In any password you create you;

  • only use the first two letters of each phrase word
  • every ‘e’ in the password is replaced with a 3
  • any number is prefixed with # (not including our letter changes)

and so on.

This provides a structure to our password creation and assists in remembering them.

It’s also ok to write them down (in hardcopy) and keep them in a safe place, away from your computer and from any prying eyes. Remember, we’re defending against people trying to remotely access our accounts via a network connection, not from someone rooting through the bottom of your underwear draw. If you do happen to forget a password for a particular account, it’s easily sorted out.

It’s also possible to ‘code’ your written down passwords so that if anyone should happen to see the list, it’s still of very little use. The easiest way to do this is to add an offset pattern, where each coded character is a number of alphabetical letters or numbers higher than the actual character used.

For Example:
L,B&CpseS@11
with a +2 offset pattern would become:
2N,D(ErugU@33
where the first character (in this case ‘2’) is the offset number. Notice that I also changed the symbol ‘&’ into ‘(‘, because that’s 2 digits higher on the keyboard.

In any case, be creative. Don’t just use the examples I’ve provided here. As I said at the beginning, think bigger!


Part Five – Password Managers

An alternative to a fair amount of what I’ve described here is to use a Password Manager.

“A password manager is a software application or hardware to assist in creating, storing, and retrieving complex passwords from a database. Password managers usually store passwords encrypted, requiring the user to create a master password: a single, ideally very strong password which grants the user access to their entire password database. Some password managers store passwords on the user’s computer (called offline password managers), whereas others store data in the provider’s cloud (often called online password managers). However offline password managers also offer data storage in the user’s own cloud accounts rather than the provider’s cloud. While the core functionality of a password manager is to securely store large collections of passwords, many provide additional features such as form filling and password generation.”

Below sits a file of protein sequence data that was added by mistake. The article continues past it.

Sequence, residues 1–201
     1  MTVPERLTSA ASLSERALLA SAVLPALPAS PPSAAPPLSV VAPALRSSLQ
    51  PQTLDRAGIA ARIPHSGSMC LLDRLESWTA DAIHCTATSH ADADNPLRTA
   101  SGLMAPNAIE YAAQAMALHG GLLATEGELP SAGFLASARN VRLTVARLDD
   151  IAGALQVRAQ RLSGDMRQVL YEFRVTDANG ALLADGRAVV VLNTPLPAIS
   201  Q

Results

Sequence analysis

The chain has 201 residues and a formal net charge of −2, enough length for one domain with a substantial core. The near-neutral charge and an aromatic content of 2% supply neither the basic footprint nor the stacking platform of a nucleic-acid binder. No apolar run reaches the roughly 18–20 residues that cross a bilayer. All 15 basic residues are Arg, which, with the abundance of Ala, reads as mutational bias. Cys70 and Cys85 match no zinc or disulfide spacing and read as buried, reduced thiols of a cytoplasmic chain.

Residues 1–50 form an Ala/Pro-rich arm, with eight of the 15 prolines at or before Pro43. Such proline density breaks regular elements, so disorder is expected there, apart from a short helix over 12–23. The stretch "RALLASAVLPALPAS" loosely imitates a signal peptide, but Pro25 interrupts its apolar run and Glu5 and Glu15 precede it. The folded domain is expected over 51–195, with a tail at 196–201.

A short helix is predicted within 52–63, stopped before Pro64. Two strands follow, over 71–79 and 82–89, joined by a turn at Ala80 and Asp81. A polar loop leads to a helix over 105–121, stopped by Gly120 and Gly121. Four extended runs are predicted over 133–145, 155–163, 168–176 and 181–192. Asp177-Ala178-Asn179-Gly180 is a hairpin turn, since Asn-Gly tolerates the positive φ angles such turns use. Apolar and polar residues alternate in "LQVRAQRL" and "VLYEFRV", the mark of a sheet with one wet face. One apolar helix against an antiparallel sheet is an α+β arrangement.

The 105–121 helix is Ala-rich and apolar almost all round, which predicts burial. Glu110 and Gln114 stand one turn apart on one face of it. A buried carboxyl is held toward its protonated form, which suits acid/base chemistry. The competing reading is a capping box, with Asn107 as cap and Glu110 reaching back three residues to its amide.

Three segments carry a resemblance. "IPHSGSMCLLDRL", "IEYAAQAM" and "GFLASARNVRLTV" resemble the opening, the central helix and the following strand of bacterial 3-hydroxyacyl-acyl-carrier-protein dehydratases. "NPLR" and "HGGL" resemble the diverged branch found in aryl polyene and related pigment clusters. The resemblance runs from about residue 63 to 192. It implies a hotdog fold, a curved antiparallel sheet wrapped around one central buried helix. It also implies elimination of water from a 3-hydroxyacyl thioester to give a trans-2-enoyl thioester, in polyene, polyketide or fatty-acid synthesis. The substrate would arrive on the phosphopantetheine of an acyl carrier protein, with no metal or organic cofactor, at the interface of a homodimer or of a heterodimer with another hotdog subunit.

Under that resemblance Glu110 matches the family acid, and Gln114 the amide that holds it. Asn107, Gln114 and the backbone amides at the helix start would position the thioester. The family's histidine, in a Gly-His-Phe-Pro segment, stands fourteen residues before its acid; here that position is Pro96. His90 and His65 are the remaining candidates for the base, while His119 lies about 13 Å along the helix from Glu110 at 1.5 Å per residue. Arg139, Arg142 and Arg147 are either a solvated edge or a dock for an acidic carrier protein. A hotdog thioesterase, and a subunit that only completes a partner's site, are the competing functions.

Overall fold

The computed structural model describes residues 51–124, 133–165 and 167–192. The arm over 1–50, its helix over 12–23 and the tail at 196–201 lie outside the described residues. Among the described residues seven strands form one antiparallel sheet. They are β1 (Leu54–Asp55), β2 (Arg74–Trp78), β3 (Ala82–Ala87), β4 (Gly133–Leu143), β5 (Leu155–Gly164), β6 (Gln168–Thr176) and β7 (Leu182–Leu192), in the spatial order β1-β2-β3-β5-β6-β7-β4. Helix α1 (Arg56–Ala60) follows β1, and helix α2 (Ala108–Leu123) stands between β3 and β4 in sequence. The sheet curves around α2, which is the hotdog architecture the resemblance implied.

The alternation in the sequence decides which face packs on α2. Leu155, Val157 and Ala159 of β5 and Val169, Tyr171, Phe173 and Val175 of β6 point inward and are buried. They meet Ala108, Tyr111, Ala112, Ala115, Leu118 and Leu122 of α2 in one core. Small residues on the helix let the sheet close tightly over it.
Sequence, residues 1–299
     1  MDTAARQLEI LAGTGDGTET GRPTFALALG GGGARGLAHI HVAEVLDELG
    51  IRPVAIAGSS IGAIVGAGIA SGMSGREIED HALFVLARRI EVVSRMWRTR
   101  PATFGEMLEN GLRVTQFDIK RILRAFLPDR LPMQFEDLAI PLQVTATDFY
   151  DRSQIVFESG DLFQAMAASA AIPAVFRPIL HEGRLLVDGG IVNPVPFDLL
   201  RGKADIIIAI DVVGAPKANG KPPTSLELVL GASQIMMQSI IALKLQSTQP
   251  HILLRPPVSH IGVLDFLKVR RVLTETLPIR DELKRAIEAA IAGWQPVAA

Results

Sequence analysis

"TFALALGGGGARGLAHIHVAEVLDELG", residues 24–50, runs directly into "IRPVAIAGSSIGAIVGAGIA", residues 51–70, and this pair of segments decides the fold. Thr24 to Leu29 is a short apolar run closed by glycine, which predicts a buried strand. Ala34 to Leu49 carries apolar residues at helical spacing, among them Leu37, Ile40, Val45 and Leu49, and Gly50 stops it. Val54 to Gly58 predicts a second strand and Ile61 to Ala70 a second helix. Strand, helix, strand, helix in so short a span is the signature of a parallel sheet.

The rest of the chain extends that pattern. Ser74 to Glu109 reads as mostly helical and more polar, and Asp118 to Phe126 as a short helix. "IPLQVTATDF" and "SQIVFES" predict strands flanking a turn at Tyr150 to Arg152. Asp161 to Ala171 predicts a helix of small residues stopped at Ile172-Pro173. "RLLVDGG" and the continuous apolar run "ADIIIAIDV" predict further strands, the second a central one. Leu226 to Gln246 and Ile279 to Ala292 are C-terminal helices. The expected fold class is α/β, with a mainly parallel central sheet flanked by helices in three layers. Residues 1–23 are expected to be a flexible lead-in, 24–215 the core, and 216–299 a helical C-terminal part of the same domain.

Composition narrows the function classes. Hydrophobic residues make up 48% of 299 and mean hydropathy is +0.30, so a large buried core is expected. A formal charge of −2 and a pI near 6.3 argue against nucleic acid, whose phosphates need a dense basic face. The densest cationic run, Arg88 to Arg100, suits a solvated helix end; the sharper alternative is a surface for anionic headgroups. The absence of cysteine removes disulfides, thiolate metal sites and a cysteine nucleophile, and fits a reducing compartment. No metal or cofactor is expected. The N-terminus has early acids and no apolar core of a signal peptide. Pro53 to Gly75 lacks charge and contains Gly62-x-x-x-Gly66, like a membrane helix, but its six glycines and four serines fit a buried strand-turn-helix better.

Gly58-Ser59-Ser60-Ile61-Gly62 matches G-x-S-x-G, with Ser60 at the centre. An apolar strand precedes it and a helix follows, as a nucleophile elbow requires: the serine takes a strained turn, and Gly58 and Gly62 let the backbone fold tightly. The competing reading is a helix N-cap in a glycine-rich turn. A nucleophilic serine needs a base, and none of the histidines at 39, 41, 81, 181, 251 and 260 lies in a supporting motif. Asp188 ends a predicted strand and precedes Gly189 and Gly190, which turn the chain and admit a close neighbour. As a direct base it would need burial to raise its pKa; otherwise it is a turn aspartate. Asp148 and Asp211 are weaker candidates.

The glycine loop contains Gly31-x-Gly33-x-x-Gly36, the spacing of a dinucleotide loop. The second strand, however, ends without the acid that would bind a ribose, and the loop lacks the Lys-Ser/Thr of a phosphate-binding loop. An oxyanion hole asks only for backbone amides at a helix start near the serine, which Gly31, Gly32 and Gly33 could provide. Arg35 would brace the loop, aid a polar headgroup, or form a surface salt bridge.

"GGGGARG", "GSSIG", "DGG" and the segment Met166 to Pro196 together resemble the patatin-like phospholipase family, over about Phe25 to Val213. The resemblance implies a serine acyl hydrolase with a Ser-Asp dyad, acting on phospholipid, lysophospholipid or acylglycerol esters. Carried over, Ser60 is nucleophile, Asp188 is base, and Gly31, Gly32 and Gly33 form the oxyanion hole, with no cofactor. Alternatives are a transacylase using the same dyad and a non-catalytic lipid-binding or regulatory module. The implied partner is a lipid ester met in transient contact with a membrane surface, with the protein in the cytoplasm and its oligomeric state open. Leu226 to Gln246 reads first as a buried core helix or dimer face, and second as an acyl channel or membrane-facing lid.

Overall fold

Source: Wikipedia

I’m not going to go into any further detail on Password Managers here, but if it’s something you’d like to consider PC Magazine have reviewed both free and paid versions. I’ve linked both articles below.